Ted Simons: So he wasn't one of the legends that had to die before everyone figured out who he was.
Robert Bjork: No, they knew very well who he was. He was courted and given quite a bit of money for his work.
Ted Simons: As far as the exhibit is concerned, we have some items here, I think we have like a perpetual motion machine. We'll look at these as we go on. What do you want people to take from this exhibit? What do you want -- When they walk in, what do you want them to see and think about?
Sari Custer: I want people to think about the range of science that happened. And this is an exhibition showcasing the science that happened 500 years ago. From a brilliant man who started a movement, 500 years ago, we're still using these ideas. Ball bearings, there's a precursor to the current tank, and helicopter. We're talking about innovation, this is a man that was innovating 500 years ago. I think that's great for people.
Ted Simons: Are there misconceptions of DaVinci out there?
Robert Bjork: I'm sure there are, because there's so much of him to misconceive as well as conceive. One might be, and I think everyone is going to be struck by this when they go to the exhibit, that he was just a humanist, just a genius who was working for the betterment of mankind. But he was also interested in how everything worked. He was interested in war machines. So you will see war machines that are absolutely grisly in their effect. But when you see these you recognize that his genius was in seeing how everything worked. Not just human anatomy.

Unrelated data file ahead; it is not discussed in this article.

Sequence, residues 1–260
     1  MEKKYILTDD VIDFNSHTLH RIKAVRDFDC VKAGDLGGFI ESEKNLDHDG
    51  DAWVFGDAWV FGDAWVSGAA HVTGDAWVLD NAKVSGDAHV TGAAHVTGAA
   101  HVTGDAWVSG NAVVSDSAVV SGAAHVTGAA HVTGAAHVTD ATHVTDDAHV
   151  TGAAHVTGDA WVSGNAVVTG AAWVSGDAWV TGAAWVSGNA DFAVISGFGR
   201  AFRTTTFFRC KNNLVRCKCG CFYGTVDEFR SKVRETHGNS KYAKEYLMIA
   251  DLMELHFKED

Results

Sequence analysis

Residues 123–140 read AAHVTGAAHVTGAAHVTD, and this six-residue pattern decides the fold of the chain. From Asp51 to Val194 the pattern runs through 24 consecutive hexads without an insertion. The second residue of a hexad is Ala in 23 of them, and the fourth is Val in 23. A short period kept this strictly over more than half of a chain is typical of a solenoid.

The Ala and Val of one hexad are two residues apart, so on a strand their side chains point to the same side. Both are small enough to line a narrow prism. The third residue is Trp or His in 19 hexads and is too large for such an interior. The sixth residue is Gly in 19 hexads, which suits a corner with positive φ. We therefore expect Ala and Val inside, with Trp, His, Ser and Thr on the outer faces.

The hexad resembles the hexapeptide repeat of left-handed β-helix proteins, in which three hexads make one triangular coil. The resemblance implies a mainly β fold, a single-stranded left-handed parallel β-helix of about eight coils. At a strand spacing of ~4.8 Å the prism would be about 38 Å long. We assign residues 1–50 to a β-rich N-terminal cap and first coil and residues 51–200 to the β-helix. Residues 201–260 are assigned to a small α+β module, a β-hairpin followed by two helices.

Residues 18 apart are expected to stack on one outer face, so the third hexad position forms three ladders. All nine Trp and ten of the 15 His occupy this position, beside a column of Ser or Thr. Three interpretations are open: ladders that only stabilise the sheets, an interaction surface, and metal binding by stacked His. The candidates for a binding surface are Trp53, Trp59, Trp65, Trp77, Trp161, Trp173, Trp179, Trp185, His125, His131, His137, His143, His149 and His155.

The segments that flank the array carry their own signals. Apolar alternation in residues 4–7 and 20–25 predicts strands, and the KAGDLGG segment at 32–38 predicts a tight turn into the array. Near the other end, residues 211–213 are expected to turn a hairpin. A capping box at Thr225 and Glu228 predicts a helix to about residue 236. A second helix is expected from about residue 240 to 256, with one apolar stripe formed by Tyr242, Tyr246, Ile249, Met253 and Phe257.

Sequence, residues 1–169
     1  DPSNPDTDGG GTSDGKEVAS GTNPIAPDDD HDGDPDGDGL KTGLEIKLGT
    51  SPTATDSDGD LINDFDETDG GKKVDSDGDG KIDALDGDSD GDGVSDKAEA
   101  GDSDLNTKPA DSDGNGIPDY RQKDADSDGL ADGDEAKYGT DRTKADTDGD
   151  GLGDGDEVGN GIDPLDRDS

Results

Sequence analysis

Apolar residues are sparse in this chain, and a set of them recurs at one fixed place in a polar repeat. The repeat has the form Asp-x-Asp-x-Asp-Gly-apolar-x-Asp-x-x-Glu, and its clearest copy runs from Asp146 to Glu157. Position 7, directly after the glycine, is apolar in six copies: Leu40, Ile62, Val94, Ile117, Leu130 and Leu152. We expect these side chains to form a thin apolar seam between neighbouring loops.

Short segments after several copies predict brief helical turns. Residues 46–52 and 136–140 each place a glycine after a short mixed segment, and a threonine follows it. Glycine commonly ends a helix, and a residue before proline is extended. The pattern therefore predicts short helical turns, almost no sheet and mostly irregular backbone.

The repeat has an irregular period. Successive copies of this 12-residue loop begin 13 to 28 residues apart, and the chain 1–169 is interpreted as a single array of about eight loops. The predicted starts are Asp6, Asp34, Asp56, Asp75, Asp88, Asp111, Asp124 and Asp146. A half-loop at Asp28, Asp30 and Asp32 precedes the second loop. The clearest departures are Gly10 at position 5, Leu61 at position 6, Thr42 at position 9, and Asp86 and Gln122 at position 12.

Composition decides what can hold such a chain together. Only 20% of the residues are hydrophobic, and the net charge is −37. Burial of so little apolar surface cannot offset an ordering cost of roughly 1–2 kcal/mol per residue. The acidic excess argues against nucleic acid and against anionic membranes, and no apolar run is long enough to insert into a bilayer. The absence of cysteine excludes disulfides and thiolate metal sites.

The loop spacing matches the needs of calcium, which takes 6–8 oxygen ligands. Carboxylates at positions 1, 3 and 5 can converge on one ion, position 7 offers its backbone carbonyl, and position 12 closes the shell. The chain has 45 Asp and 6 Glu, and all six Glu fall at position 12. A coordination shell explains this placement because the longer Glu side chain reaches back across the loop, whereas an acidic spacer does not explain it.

Ted Simons: No one knows the title, but they know the guy standing there with his arms -- Let's talk about the things you brought in. We have a helmet and a sword together. What does this have to do with Leonardo DaVinci?
Sari Custer: We actually think that's a wonderful opportunity to bring in the study of the renaissance, and those in particular, Bob can speak more to those particular items. We love the connection to things people don't really know about that that wartime, building the war machines and just the feel of the times.
Ted Simons: This helmet here and this design by DaVinci?
Robert Bjork: No, actually that comes from about the seventh century, it's from the English area of east Anglia, it was buried in a ship, and so it's a replica of basically a Viking Angelo Saxon helmet. It does haven't anything to do with DaVinci, but he constructed a lot of weaponry and we thought this was a good emblem of what he achieved.